A long distance hike is unique in that it’s a feat of extreme endurance. In most sports, you exert the body, and then you have recovery time to restore depleted nutrients. It’s not unusual during a long distance hike to walk a marathon a day, with a pack on, day after day for 5 months. Couple that with the lack of fresh foods and the notoriously ultra-processed diet of the thru-hiker. It’s no wonder that many hikers end up emaciated, sick, injured, and ending their hike early.

colorado trail

Supplements for the Trail

Supplements are not a substitute for a good diet. A high quality, anti-inflammatory diet is always the place to start when you want to feel and perform your best. Nutrients in their whole food form are absorbed into the body better than in supplement form, and there’s often more control over sourcing and quality with food.

As detailed in this post about my Oregon Desert Trail resupply, in addition to packing nutrient dense food in every box, I almost always include the following supplements.

For high quality supplements, I prefer to shop exclusively through specific trusted companies. Shopping from random sources can be hit or miss in terms of buying products that are real, safe, and effective. To ensure you’re buying safe products, you can access my online dispensary of professional-grade supplements by clicking here. There are hundreds of brands and you can save 10-20% with this link. There are no gimmicks. It’s simply a resource I want to provide to readers. If you insist on shopping Amazon, you can find links to a few of my favorites by clicking on the supplement name below.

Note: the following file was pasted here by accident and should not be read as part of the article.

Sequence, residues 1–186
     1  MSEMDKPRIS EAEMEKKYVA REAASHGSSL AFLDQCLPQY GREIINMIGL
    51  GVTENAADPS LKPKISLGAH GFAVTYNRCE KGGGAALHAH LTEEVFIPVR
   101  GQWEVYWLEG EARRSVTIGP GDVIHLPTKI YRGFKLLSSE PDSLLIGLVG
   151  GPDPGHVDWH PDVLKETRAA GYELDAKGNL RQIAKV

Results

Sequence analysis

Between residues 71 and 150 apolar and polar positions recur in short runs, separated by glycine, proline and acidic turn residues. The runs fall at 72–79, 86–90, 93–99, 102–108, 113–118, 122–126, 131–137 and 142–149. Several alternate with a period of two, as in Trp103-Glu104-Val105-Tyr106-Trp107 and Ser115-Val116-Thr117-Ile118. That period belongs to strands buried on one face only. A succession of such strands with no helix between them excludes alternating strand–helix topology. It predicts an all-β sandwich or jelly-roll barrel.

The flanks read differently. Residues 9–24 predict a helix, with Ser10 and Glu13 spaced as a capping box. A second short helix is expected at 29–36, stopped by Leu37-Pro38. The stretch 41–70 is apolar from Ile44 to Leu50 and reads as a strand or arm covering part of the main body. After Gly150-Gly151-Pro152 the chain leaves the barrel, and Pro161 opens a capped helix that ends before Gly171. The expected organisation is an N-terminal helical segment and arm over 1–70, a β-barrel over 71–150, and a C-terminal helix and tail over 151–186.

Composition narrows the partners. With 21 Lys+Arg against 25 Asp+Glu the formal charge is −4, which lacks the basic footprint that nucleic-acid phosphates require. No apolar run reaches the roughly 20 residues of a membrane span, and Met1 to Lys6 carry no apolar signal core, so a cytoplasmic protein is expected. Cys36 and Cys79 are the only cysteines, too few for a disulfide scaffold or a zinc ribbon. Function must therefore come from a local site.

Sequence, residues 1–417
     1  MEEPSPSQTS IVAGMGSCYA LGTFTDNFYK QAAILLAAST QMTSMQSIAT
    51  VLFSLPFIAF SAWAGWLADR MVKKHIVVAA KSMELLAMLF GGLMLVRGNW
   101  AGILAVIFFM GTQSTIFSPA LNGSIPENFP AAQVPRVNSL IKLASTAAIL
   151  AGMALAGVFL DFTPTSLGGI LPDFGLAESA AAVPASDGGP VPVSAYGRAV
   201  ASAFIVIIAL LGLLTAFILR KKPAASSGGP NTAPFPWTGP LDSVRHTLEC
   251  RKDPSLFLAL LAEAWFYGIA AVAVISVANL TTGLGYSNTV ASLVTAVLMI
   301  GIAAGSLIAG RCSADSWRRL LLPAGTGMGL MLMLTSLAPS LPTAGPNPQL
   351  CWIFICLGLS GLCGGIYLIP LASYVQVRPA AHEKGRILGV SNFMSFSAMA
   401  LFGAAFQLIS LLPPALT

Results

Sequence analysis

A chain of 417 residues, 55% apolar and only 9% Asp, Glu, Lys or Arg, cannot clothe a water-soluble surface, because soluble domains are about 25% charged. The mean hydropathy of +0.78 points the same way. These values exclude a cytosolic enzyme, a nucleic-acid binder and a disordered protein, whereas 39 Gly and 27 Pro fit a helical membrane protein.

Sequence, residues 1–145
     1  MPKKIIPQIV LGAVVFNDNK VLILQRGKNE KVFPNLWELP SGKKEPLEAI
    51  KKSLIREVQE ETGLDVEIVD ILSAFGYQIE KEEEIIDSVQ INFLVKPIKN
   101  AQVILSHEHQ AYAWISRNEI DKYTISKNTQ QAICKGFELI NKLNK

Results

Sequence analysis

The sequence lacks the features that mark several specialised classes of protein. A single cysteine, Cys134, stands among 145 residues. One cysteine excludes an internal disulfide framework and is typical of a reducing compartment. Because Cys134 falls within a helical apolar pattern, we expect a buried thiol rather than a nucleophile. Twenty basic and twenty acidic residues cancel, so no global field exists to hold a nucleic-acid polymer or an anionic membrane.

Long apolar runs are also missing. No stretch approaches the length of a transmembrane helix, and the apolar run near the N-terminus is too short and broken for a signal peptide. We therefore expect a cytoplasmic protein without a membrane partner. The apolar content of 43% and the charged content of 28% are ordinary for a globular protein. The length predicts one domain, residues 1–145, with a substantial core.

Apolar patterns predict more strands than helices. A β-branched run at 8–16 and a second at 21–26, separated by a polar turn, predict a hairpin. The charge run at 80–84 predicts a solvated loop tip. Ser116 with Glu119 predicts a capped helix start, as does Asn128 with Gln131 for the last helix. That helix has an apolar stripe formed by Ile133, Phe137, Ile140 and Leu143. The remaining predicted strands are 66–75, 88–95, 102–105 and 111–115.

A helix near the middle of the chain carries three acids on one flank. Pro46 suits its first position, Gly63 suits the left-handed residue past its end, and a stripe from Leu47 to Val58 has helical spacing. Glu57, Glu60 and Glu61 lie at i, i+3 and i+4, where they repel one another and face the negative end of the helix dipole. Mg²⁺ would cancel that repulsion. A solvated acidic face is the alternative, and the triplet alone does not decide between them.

One last note before we dive in: I am not a doctor and, as such, I don’t diagnose, prescribe, treat, or cure. The following ideas are simply what I’ve seen work for myself and for others. For personalized health advice, see a qualified practitioner. If you’re on prescription medications, don’t start supplements without the guidance of your doctor.

High Quality Multi-Vitamin